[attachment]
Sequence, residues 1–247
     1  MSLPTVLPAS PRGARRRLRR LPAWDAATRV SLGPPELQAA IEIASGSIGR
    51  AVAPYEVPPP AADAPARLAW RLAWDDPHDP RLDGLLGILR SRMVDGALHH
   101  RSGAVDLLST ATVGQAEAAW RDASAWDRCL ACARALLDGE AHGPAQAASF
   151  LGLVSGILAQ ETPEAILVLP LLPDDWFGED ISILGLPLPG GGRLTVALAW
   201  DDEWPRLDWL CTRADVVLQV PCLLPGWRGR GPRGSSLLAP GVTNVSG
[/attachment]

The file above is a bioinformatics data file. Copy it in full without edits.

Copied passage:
Sequence, residues 1–247
     1  MSLPTVLPAS PRGARRRLRR LPAWDAATRV SLGPPELQAA IEIASGSIGR
    51  AVAPYEVPPP AADAPARLAW RLAWDDPHDP RLDGLLGILR SRMVDGALHH
   101  RSGAVDLLST ATVGQAEAAW RDASAWDRCL ACARALLDGE AHGPAQAASF
   151  LGLVSGILAQ ETPEAILVLP LLPDDWFGED ISILGLPLPG GGRLTVALAW
   201  DDEWPRLDWL CTRADVVLQV PCLLPGWRGR GPRGSSLLAP GVTNVSG